voted yesterday to give the Food & Drug Administration more power to police the nation’s food supply. The proposal now goes to the full House. The new law would increase FDA’s funding and require the agency to conduct yearly inspections of food facilities that run a high risk of contamination. The law would require all food production facilities to pay a $500 annual fee to help pay for the inspections.

The new law comes after contaminated foods, ranging from spinach to peppers to peanut butter, have sickened thousands of consumers. “A series of foodborne disease outbreaks…has not only sickened and killed American consumers, but has laid bare unacceptable gaps in our food safety laws,” said committee chair Rep. Henry Waxman (D-CA). “Today the Committee will act to close those gaps — and give the Food and Drug Administration new authorities, new tools, and a new source of funding to carry out this vital mission.”

The Washington Post notes that the FDA has been given a “formidable to-do list,” including regulating tobacco. The agency, however, has compiled a long list of failures. “When I was first talking to the administration and the vetting process was going on, suddenly I realized that every day there was some story about a really bad situation and the FDA, and I thought, ‘Do I really want this job’?” said new FDA commissioner Margaret A. Hamburg (above). 

"> FDA Given New Powers to Inspect Food - Daily Yonder

FDA Given New Powers to Inspect Food

The House Energy and Commerce Committee voted yesterday to give the Food & Drug Administration more power to police the nation's food supply. The proposal now goes to the full House. The new law would increase FDA's funding and require the agency to conduct yearly inspections of food facilities that run a high risk of contamination. The law would require all food production facilities to pay a $500 annual fee to help pay for the inspections.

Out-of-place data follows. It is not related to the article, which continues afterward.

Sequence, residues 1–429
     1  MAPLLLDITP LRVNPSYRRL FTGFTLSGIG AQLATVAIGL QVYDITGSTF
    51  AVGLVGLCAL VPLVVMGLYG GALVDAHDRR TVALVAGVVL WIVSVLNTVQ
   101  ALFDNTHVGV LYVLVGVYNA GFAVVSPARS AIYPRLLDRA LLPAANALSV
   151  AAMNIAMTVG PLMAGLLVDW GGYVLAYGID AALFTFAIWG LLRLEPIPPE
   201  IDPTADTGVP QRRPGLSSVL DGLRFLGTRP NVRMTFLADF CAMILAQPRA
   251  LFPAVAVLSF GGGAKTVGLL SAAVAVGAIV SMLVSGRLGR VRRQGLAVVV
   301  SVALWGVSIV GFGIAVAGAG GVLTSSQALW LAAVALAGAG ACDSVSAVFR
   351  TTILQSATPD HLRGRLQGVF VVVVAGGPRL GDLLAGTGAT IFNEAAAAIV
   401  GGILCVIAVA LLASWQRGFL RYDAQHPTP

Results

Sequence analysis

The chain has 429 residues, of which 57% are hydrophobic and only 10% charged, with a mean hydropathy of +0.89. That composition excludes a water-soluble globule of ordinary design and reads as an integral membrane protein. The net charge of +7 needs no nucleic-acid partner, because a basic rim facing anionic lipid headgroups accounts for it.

The new law comes after contaminated foods, ranging from spinach to peppers to peanut butter, have sickened thousands of consumers. "A series of foodborne disease outbreaks...has not only sickened and killed American consumers, but has laid bare unacceptable gaps in our food safety laws," said committee chair Rep. Henry Waxman (D-CA). "Today the Committee will act to close those gaps — and give the Food and Drug Administration new authorities, new tools, and a new source of funding to carry out this vital mission."

The Washington Post notes that the FDA has been given a "formidable to-do list," including regulating tobacco. The agency, however, has compiled a long list of failures. "When I was first talking to the administration and the vetting process was going on, suddenly I realized that every day there was some story about a really bad situation and the FDA, and I thought, 'Do I really want this job'?" said new FDA commissioner Margaret A. Hamburg (above). 

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The House Energy and Commerce Committee voted yesterday to give the Food & Drug Administration more power to police the nation’s food supply. The proposal now goes to the full House. The new law would increase FDA’s funding and require the agency to conduct yearly inspections of food facilities that run a high risk of contamination. The law would require all food production facilities to pay a $500 annual fee to help pay for the inspections.

The new law comes after contaminated foods, ranging from spinach to peppers to peanut butter, have sickened thousands of consumers. “A series of foodborne disease outbreaks…has not only sickened and killed American consumers, but has laid bare unacceptable gaps in our food safety laws,” said committee chair Rep. Henry Waxman (D-CA). “Today the Committee will act to close those gaps — and give the Food and Drug Administration new authorities, new tools, and a new source of funding to carry out this vital mission.”

The Washington Post notes that the FDA has been given a “formidable to-do list,” including regulating tobacco. The agency, however, has compiled a long list of failures. “When I was first talking to the administration and the vetting process was going on, suddenly I realized that every day there was some story about a really bad situation and the FDA, and I thought, ‘Do I really want this job’?” said new FDA commissioner Margaret A. Hamburg (above). 

 

Topics: Food
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